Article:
When charge deposition takes place, the electrons tend to move towards the positive charged plate, but still they keep on revolving as shown in the figure.
If the charge increases further, the orbits expand more. But if it still increases, the dielectric breaks down shorting the capacitor. Now, the capacitor being fully charged, it’s ready to get discharged. It is enough if we provide a path for them to travel from negative to positive plate. The electrons flow without any external supply as there are too many number of electrons on one side and barely any electrons on the other. This imbalance is adjusted by the discharge of the capacitor.
Also, when a discharge path is found, the atoms in the dielectric material tend to get to their normal circular orbit and hence forces the electrons to get discharged. This kind of discharge enables capacitors to deliver high currents in a short period of time, just as in a camera flash.
To know the value of a capacitor, it is usually labelled as below −
n35 = 0.35nF or 3n5 = 3.5nF or 35n = 35nF and so on.
Sometimes the markings will be like 100K which means, k = 1000pF. Then the value will be 100 × 1000pF = 100nF.
Though these number markings are being used now-a-days, an International color coding scheme was developed long ago, to understand the values of capacitors. The color coding indications are just as given below.
|Band colour||Digit A and B||Multiplier||Tolerance> 10pf||Tolerance< 10pf||Temperature coefficient|
|Brown||1||× 10||±1%||±0.1pF||-33 × 10-6|
|Red||2||× 100||±2%||±0.25pF||-75 × 10-6|
|Orange||3||× 1,000||±3%||-150 × 10-6|
|Yellow||4||× 10,000||±4%||-220 × 10-6|
|Green||5||× 100,000||±5%||±0.5pF||-330 × 10-6|
|Blue||6||× 1,000000||-470 × 10-6|
|Violet||7||-750 × 10-6|
|Gray||8||× 0.01||+80%, -20%|
These indications were used to identify the value of capacitors.
In these five band capacitors, the first two bands represent digits, third one indicates multiplier, fourth for tolerance and the fifth represents voltage. Let us look at an example to understand the color coding process.
Example 1 − Determine the value of a capacitor with a color code yellow, violet, orange, white and red.
Solution − The value of yellow is 4, violet is 7, orange is 3 which represents multiplier. White is ±10 which is the tolerance value. Red represents the voltage. But to know the voltage rating, we have got another table, from which the particular band to which this capacitor belongs, has to be known.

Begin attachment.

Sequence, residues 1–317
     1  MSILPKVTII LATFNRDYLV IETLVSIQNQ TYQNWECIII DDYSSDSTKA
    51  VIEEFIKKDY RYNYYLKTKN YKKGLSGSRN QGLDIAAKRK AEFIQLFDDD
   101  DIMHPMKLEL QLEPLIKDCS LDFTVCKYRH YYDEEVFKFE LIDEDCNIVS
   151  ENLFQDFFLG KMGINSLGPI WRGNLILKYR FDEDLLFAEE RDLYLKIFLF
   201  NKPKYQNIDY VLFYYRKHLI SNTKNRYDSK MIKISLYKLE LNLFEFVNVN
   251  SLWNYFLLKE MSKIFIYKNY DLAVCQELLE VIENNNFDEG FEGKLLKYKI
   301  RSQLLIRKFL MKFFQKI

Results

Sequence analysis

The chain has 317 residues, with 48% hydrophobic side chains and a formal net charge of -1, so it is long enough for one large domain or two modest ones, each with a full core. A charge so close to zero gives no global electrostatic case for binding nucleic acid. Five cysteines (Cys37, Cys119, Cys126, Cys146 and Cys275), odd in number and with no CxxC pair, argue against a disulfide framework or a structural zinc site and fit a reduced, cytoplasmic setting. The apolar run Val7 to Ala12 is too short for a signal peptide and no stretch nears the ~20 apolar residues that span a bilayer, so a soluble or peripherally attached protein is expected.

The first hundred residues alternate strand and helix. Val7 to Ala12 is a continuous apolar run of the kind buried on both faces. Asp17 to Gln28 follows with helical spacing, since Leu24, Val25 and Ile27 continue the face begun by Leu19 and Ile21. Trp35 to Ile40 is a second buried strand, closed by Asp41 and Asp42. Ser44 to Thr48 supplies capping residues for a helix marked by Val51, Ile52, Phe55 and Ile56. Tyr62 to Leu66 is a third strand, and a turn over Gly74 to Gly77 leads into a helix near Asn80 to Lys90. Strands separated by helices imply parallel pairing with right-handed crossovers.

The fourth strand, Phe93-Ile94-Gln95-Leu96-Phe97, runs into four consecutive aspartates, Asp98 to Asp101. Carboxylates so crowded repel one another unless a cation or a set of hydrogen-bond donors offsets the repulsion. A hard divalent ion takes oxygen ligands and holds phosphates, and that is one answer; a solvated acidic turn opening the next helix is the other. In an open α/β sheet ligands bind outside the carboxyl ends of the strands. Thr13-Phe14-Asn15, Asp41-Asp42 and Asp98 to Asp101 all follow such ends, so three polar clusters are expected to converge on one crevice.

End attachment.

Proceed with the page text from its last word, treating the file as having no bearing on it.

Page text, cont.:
Hence the value of the capacitor is 47nF, 10% 250v
The following table shows how voltage is determined depending upon the bands the capacitors belong to.
|Band colour||Voltage Rating|
|TYPE J||TYPE K||TYPE L||TYPE M||TYPE N|
With the help of this table, the voltage rating for each band of capacitors is known according to the color given. The type of voltage ratings also indicates the type of capacitors. For example, TYPE J ones are Dipped Tantalum Capacitors, TYPE K ones are Mica Capacitors, TYPE L ones are Polystyrene Capacitors, TYPE M ones are Electrolytic Band 4 Capacitors and TYPE N ones are Electrolytic Band 3 Capacitors. These days, the color coding has been replaced by simple printing of value of the capacitors as mentioned previously.
This is an important term. Capacitive Reactance is the opposition offered by a capacitor to the alternating current flow, or simply AC current. A capacitor resists the change in the flow of current and hence it shows some opposition which can be termed as reactance, as the frequency of the input current should also be considered along with the resistance it offers.
In a purely capacitive circuit, the current IC leads the applied voltage by 90°
Temperature Coefficient of Capacitors
The maximum change in Capacitance of a capacitor, over a specified temperature range, can be known by the temperature coefficient of a capacitor. It states that when the temperature exceeds a certain point, the change in capacitance of a capacitor that might occur is understood as the temperature coefficient of capacitors.
All the capacitors are usually manufactured considering a reference temperature of 25°C. Hence the temperature coefficient of capacitors is considered for the values of temperatures that are above and below this value.